She probably would not have attempted voting had not the U.S. recently passed two equal rights amendments within the previous decade. Let’s talk about them now.

Today is the anniversary of the 1868 adoption of the 14th amendment,  the one that Susan B. Anthony claimed gave her the right to vote as a woman. Following on the boots of the Civil War, this law amendment gave African-Americans the rights of citizenship and decreed that all citizens should have their rights protected. Two years later, the 15th amendment passed, giving African-Americans the right to vote.

What the Amendments Say

The 14th Amendment to the Constitution granted citizenship to “all persons born or naturalized in the United States,” which included former slaves recently freed. In addition, it forbids states from denying any person “life, liberty or property, without due process of law” or to “deny to any person within its jurisdiction the equal protection of the laws.”

However, the fine print said that adult male citizens should be protected; it did not specifically say that adult females should.

The Fifteenth Amendment  to the Constitution prohibits the federal and state governments from denying a citizen the right to vote based on that citizen’s “race, color, or previous condition of servitude”.

Why Susan B. Anthony Argued That She Should Vote

Studying these two amendments carefully with a noted Constitutional scholar, Susan deduced that they meant this:

  • Under the 14th amendment, she was a citizen and should have her rights protected.
  • The 15th amendment specifically protected her citizen’s right to vote. It did not say that she, as a woman, could not vote.

Unfortunately, as we know, the judge who ruled on her case did not agree with her interpretation, and found her “guilty of the crime of voting as a woman.”

Soon you can read all about it in my newly-revised book, Susan B. Anthony And Justice For All. I’ll be posting order information on this Suffrage Centennial edition of my 1994 biography of Susan.

 

 

 

 

 

New York State VoteTilla Celebration

Celebrating Susan B. Anthony and Woman Suffrage

What an exciting week it was in upstate New York as VoteTilla made its way from Seneca Falls to Rochester. I met up with the canal boats on a gorgeous day in Fairport (my hometown) and had a chance to greet several old friends who were traveling with the fleet in costume.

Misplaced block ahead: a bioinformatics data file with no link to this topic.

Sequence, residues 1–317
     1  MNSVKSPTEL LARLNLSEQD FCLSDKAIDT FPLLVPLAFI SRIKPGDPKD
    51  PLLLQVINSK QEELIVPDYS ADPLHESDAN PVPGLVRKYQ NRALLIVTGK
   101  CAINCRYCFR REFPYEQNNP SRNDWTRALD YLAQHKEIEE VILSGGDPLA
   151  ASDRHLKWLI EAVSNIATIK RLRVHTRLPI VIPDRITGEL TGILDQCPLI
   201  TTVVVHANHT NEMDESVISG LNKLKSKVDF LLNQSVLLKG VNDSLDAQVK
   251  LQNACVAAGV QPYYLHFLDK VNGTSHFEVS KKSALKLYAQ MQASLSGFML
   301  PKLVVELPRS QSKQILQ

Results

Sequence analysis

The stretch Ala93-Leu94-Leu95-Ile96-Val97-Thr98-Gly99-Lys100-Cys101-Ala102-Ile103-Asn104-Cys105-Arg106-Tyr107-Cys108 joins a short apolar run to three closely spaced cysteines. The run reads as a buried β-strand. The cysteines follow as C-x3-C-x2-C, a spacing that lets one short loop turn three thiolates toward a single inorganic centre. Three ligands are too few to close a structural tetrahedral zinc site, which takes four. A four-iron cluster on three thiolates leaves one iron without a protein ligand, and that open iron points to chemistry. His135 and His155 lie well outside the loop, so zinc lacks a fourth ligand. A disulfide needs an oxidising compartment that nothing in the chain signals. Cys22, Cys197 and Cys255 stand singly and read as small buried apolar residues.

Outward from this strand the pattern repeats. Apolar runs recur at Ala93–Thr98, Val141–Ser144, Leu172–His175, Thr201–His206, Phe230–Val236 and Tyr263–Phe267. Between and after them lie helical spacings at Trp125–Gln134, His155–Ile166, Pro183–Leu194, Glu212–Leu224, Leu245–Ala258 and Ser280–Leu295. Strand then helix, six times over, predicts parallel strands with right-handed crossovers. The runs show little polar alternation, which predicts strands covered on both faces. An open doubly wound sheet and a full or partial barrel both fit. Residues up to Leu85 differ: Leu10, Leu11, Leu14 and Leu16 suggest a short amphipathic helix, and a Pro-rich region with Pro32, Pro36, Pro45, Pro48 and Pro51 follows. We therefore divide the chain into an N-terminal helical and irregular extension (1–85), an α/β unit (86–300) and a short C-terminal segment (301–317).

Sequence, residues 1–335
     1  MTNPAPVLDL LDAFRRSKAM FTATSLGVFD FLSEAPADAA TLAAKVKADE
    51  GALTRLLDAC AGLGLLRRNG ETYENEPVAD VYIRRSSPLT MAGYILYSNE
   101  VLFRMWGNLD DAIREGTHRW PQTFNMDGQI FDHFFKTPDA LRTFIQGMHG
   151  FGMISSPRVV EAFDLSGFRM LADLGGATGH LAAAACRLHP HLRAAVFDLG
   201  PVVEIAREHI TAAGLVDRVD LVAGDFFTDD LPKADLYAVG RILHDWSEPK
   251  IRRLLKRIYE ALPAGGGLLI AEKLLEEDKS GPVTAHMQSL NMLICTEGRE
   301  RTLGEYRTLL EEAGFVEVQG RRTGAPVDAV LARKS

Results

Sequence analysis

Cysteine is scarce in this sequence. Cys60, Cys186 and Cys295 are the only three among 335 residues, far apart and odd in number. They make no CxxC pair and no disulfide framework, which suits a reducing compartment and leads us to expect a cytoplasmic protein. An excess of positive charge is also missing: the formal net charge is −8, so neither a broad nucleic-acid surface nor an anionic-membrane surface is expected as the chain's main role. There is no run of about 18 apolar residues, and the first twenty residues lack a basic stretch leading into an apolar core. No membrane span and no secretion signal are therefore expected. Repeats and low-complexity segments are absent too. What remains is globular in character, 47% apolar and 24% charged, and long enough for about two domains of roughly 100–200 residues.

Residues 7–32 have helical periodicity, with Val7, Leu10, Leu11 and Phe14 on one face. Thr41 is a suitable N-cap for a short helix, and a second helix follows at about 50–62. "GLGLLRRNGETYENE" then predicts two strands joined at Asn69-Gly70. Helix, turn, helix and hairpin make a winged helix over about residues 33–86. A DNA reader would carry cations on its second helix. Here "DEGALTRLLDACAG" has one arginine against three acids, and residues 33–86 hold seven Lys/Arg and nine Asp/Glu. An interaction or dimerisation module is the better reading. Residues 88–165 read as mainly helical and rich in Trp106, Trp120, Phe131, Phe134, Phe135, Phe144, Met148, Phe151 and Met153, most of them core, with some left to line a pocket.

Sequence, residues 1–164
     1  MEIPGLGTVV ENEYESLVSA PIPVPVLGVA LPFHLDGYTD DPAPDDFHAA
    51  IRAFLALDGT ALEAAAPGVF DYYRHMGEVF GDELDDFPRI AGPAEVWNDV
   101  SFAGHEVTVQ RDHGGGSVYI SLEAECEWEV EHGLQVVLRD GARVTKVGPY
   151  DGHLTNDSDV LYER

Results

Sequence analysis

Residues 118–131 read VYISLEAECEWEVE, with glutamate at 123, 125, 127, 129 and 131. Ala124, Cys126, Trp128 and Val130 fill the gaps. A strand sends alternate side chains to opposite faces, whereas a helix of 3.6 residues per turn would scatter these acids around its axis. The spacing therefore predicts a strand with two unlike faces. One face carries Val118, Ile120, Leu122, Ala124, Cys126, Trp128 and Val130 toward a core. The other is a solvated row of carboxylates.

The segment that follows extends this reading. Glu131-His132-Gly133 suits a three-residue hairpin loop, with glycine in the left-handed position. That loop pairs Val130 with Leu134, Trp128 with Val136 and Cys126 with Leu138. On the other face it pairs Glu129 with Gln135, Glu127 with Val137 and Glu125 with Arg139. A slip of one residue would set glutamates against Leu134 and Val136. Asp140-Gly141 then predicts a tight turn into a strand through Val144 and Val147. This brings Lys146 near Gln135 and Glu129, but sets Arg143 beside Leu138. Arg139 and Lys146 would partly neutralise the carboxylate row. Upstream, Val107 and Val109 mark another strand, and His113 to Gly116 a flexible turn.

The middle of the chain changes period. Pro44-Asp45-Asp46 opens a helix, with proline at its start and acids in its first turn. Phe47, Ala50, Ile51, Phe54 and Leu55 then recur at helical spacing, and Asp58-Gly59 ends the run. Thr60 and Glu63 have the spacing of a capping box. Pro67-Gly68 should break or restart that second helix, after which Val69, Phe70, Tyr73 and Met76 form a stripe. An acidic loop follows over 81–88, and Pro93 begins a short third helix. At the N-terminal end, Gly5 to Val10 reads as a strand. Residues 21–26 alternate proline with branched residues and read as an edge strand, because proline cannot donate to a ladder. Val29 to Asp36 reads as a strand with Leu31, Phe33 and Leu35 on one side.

In addition to all the excellent programming done by VoteTilla itself, the libraries and town historical societies put on wonderful programs, including debates, author signings, children’s activities, and more. I had the privilege of presenting my reenactment of Susan B. Anthony to full houses at both the Fairport and Pittsford libraries. Thanks to all those who attended and asked great questions! And special thanks to Vicki Masters Profitt and Mary Ann

August Programs:

  • Saturday, August 12, Arnett Branch Library, “Failure is Impossible,” noon
  • Tuesday, August 29, 2017 Pittsford Seniors Lunch, “Failure is Impossible,” noon

 

 

Susan B. Anthony comes to life at VoteTilla

Join me as I portray Susan B. Anthony as part of the Votetilla celebration next week! Bring your school-age kids for living history!

Votetilla is a weeklong celebration of New York State’s ratification of the 19th (Susan B. Anthony) Amendment in 1917. I love that this event actually occurs on boats on the Erie Canal, since that is how the Anthony family arrived in New York State in 1845.

How Votetilla Works

Sponsored by the Susan B. Anthony Museum & House and numerous other organizations, the boats get underway in Seneca Falls, the birthplace of women’s rights, and stop in numerous canal towns (including Fairport and Pittsford). After disembarking in Rochester, It culminates with a festive street parade to the Susan B. Anthony House on Madison Street.

I enjoy re-enacting Susan and have been doing it for more than 20 years, ever since I volunteered at her house as a docent. This talk covers the highlights of her life including her illegal vote and trial and her relationship with Frederick Douglass. Enjoy the talk against a wonderful backdrop of  authentic 19th century images.

Centennial Edition of Susan B. Anthony And Justice For All

In 1994, I published a children’s biography of Susan by the name of Susan B. Anthony And Justice For All. Watch this space for a special centennial edition with updates to commemorate the 19th amendment granting women the vote across all the states in the U.S.

Susan LaFlesche Picotte built upon Susan B.’s foundation

Susan LaFlesche Picotte, a Nebraska  doctor and and reformer, had credentials that wowed me and reminded of Susan B. Anthony. Google saluted her yesterday; Continue reading

Was Emily Dickinson as miserable as film suggests?

The film  A Quiet Passion did not serve up the Emily Dickinson I know.  Having read some biographies of Dickinson as well as her poetry, I have to say that the movie seemed pretty one-sided in portraying her life as one of angst and frustration. Continue reading